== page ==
__Notes on Bubble Animation along path : “Speed of travel” & “Rate of Generation”__1. Animation speed (GGB) : Value of 1 is approximately 13 seconds to complete 1 cycle. The speed here refers to how fast one cycle is. And it is proportional to the time taken When value is 2, it takes about 6.5 seconds per cycle. When value is 4, time taken is 3.25 seconds per cycle 2. Note the min and max or increment does not affect the cycle speed but if the position of object depends on min and max then the difference betw min and max if great, implies that the object travels faster if the cycle speed is increased. 3. In this simulation, r_b is used to input the number of bubbles to be generated per minute r is set to count numbers automatically when animated, at a cycle speed of 13*r_b / 900 How is the speed of r obtained ? If there are r counts per cycle and each cycle is 13 seconds for simulation speed S = 1, Real time per cycle = 13/S If each cycle has r counts, then each count = 13/S)/r seconds. So there will be 60/((13/S)/r) counts per minute. We want to simulate r_b counts per minute real time Hence r_b = 60/((13/S)/r) -------------- Eqn (1) Expressing required simulation speed S in terms of r_b counts per minute, and with r count per cycle = 15, from Eqn (1): (13/S)/15 = 60/r_b 13/S = 60*15/r_b S = 13*r_b/900 (Updated 13 Nov to change duration of T to be 13 seconds when S = 1)

4. r is used as a counter to release bubbles U1 and U2. The bubbles to be
generated per minute, r_b, affects the counting speed of r (S = 13*r_b/900)
and hence the release of the bubbles.
5. n_1 and n_2 are path parameters for U1 & U2 respectively, which are defined as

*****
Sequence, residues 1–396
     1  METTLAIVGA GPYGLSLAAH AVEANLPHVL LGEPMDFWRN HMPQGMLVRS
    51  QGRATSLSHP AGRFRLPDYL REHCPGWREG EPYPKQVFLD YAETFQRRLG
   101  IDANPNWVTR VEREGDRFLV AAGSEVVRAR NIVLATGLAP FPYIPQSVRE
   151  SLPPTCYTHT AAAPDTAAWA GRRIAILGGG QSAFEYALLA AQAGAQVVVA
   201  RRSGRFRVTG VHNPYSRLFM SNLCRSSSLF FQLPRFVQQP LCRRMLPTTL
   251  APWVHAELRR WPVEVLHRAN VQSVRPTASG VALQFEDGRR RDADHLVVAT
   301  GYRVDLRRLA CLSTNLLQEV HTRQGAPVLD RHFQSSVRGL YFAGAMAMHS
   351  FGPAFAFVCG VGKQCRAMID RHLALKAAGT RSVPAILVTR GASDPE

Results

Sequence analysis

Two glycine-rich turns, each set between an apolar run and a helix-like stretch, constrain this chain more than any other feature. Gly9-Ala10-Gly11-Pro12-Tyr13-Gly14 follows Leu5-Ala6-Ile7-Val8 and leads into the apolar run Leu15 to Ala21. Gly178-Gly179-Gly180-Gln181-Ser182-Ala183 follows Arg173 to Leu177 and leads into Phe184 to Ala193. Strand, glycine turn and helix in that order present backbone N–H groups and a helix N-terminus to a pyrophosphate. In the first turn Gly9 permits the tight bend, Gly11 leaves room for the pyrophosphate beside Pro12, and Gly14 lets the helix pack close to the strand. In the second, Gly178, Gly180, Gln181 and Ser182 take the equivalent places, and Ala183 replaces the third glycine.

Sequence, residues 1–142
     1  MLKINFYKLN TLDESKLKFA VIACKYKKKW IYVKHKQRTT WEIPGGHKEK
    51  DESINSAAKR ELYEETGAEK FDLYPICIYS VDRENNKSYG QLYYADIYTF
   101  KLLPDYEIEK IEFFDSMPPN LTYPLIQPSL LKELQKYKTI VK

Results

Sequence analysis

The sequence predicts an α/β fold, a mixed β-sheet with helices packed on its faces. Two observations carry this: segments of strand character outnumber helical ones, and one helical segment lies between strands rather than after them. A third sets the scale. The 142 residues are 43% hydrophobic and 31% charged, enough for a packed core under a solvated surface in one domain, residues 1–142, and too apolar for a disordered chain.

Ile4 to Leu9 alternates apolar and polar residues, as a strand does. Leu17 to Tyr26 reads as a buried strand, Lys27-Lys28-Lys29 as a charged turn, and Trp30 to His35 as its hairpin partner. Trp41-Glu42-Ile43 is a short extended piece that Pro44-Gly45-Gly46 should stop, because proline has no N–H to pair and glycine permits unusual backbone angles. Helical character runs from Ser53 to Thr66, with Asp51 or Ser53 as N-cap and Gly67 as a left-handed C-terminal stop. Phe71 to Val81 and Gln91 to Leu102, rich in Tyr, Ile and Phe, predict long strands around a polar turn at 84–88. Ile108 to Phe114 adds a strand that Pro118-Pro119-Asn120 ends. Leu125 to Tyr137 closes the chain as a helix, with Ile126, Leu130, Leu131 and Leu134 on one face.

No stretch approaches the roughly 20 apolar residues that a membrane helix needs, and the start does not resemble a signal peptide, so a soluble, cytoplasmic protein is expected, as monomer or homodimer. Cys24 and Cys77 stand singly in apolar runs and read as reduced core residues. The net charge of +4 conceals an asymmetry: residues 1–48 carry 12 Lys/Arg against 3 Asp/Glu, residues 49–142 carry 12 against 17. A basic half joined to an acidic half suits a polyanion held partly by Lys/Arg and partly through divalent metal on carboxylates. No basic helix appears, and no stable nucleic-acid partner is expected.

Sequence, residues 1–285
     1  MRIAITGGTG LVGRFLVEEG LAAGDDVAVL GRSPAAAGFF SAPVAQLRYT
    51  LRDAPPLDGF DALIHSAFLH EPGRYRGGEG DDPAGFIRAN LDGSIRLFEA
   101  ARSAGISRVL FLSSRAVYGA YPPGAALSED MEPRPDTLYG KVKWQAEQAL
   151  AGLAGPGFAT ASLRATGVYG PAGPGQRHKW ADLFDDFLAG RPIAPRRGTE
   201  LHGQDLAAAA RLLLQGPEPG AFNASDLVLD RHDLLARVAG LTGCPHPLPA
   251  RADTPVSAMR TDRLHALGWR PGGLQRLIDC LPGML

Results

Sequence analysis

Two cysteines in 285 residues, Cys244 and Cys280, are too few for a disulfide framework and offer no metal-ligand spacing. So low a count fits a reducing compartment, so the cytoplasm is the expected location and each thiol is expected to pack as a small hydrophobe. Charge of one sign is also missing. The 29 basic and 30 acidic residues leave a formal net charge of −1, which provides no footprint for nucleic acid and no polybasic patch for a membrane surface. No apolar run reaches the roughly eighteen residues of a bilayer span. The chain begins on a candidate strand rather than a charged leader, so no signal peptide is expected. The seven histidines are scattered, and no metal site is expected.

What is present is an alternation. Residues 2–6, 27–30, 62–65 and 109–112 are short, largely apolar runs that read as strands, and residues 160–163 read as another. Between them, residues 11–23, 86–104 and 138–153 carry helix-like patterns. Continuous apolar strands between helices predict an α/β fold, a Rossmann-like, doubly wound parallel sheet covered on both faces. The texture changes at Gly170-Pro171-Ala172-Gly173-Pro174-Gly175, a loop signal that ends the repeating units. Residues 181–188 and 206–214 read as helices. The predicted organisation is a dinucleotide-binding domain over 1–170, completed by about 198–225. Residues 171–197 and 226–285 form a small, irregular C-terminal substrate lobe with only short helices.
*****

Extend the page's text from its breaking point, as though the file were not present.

points on segment f, using U1 = Point[f], U2 = Point[f]. Path parameters n_1 and n_2
each have been set to animate with constant speed of 2 (abt 7 seconds real time)
Bubbles rise up at a constant speed. As n_1 & n_2 updates, the script commands
U1 = Point[f,n_1], U2 = Point[f,n_2] will move U1, U2 along the path of segment f.
Change this animation speed if you require a different visual impact of the speed of object
Animations are set as “Increasing once” ie. U1 and U2 will stop at end point, and
wait to be triggered to move again from start point, once r is updated by increment of 1
If r is odd - U1 restarts, if r is even U2 restarts. Checking r odd or even is achieved using :
Mod(r,2) when r is odd returns the value 1, and gives 0 when r is even
The script below for animation is found in the OnUpdate section in object r.
SetValue[n_1,If[Mod[r,2]>0,If[anim,If[n_1>0&&n_1<0.99,n_1,0],n_1],n_1]]
StartAnimation[n_1,true]
SetValue[n_2,If[Mod[r,2]<1,If[anim,0,n_2],n_2]]
StartAnimation[n_2,true]
For Increasing Once animations, even when StartAnimation is set true,
if the value is already at maximum, then animation ends there and does not restart.
The values need to be reset to less than the maximum value for the animation to start.

6. Button button1 is used to start animation of bubbles via animation of counter r.
The script in button1 On Click is :
SetValue[anim,!anim]
SetCaption[button1,If[anim,“Stop Bubbles' Animation”,“Animate Bubbles U1 & U2”]]
StartAnimation[r,anim]
SetValue[r,If[anim,1,r]]
StartAnimation[n_1,anim]
StartAnimation[n_2,anim]